Emma Brooks

Lori Woodward Simons
via web
Thanks Bob and Emma for your comments. It really makes my day when I hear that my writing has somehow made a difference - even if that difference is small.


Helen Horn Musser
Lori, loved this post; allowed reflection on what is important. For an artist the internet gives connection with others that otherwise we would not have. Painting is a solitary environment and we do need connection with others. Just need to keep in perspective.

Patrice Federspiel
Thank you Lori!

Your time w/o electricity reminded me of the 24 hour period about four years ago in which Honolulu lost electricity after an earthquake throughout the islands brought the grid down. After my cell call to the mainland let my family know I was okay, even the cell towers went down.

Quiet peace is what I felt. I had been given a day off from my hectic life as a full-time artist. I was able to sit, relax, ponder the important things in life, gather around a BBQ grill with neighbors, and BREATHE!

Sometimes it is good to have a time out imposed upon us. When that happens, it's great to recognize it for the gift it can be. How wonderful that you were able to do so ... AND that you were so well prepared!

Mahalo Nui Loa,

Patrice Federspiel
Painting the Essence of Living Aloha

Lori Woodward
Patrice, yes isn't it wonderful when we are forced to live in a quiet world without constant interruption? I hope to get to the point where I can create that same type of simple environment even when I have a choice (with electricity on).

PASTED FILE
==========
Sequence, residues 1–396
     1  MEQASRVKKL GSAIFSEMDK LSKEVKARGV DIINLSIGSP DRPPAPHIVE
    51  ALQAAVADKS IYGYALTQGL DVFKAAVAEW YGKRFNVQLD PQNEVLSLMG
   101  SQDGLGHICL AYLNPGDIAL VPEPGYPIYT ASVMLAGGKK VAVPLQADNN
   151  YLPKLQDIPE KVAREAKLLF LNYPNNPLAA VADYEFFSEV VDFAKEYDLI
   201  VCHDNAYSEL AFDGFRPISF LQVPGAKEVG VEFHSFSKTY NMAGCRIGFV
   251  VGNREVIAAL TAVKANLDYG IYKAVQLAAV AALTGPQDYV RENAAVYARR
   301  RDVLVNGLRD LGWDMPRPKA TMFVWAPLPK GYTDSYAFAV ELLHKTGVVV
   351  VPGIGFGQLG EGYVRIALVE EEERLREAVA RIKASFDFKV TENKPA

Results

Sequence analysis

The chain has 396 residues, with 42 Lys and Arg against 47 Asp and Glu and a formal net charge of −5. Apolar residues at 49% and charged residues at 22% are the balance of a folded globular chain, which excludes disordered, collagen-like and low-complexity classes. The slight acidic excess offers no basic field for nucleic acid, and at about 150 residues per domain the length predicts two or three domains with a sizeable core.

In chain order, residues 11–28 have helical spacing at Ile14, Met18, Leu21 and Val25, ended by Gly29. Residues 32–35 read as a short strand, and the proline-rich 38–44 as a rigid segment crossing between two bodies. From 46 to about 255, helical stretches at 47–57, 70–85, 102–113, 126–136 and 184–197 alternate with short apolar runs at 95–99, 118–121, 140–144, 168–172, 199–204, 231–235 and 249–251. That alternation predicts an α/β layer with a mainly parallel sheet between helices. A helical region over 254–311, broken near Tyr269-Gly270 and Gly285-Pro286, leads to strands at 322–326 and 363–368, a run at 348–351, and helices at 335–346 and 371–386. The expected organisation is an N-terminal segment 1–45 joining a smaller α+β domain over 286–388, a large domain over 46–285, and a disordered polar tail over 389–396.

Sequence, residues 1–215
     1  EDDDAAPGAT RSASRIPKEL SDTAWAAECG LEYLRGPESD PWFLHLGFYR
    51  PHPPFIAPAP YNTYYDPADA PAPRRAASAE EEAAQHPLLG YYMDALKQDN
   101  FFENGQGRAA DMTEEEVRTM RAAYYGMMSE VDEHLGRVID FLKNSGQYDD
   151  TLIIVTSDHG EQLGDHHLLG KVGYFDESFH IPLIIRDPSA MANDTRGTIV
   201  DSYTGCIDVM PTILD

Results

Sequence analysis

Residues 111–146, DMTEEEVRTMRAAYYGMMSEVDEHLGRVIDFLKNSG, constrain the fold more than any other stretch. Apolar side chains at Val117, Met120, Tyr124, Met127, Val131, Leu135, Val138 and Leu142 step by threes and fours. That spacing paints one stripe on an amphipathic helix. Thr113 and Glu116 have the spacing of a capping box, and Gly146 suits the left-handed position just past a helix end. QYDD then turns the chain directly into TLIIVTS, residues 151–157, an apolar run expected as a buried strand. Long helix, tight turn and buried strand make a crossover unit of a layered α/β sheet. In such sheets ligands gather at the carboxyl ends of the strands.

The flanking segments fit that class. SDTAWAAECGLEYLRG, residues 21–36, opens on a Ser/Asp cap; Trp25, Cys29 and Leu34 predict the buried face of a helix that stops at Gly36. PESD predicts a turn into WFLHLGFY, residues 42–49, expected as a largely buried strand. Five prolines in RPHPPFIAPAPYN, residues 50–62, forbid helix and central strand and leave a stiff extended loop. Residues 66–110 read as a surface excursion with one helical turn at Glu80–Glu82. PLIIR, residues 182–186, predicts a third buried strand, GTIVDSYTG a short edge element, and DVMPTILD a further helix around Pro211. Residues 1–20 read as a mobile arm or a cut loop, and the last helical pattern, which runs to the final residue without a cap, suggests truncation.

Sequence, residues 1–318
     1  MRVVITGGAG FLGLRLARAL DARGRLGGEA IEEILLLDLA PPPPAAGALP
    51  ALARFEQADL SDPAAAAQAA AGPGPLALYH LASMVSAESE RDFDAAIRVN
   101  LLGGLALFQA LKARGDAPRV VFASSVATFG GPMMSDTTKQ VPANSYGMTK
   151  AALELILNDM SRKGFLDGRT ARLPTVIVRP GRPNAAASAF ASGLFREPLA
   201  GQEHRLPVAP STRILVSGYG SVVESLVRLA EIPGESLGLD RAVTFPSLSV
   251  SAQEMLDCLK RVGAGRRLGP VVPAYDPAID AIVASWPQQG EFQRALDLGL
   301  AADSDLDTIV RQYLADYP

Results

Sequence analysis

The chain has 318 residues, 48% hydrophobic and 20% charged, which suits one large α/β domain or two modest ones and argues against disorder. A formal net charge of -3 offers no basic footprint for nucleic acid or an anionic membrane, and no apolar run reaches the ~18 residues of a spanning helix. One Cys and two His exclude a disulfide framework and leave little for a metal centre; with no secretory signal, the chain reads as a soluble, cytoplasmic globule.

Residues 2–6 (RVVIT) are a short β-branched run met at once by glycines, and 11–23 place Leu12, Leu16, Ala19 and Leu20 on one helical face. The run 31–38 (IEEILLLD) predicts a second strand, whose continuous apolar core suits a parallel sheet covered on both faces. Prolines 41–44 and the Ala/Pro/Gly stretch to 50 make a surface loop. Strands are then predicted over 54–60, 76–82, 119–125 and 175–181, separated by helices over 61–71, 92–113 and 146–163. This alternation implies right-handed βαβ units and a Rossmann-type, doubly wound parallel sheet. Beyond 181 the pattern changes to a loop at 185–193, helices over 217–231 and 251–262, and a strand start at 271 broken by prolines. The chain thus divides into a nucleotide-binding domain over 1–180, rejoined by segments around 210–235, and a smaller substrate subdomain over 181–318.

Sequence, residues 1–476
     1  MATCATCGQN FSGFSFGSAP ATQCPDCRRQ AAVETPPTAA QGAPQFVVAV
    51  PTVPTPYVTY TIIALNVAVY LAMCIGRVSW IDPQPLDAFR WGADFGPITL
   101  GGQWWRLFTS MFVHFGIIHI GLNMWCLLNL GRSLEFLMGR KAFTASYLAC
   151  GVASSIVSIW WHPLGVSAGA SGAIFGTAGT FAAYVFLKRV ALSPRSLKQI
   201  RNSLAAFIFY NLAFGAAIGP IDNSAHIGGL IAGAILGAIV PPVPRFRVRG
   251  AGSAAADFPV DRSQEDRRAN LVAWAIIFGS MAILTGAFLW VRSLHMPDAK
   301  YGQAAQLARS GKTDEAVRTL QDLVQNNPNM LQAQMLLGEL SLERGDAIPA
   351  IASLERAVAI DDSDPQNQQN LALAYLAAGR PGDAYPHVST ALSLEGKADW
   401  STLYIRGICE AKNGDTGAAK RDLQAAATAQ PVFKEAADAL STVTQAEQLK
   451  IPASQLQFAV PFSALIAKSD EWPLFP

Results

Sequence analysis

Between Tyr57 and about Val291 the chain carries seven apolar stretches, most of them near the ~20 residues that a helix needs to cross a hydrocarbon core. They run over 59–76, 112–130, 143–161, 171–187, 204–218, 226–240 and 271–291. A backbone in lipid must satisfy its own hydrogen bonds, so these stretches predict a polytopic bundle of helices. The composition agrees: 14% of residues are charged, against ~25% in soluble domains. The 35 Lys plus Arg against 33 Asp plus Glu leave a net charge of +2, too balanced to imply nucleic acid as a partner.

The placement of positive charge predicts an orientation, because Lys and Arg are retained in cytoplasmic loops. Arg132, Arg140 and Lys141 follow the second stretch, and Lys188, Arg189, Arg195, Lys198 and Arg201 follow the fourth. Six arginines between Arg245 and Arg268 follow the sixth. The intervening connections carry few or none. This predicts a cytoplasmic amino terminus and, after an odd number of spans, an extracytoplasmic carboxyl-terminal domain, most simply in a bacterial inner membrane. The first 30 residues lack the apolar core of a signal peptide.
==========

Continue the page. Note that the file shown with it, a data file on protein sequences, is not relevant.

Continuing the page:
I find the best remedy for me is to spend time with friends and my husband. Paint with friends, go out to lunch and "catch up". Pick up a book and read... anything to get me busy doing something I love.

Being online is often a false productivity. While much of what we do online is necessary for business purposes, most of us cross the line into using the web to avoid doing other stuff. Stuff that may be boring, stuff that may be scary, stuff that may be less fun than feeling like the world is at our fingertips.

Lori Woodward
I'm getting ready to take some time off of being online - around 2 weeks. I intend to spend my time painting, visiting with friends in person, and working on some projects that it seems I never get time for. So, if some of you are wondering why I don't seem to be as present on here, it's because I need a vacation from being available. I hope you understand.

when I get back online, I hope to be refreshed with new ideas, energy and commitment. We all need a break at times in order to be our best.

Helen Horn Musser
We will miss you Lori; enjoy!

Esther J. Williams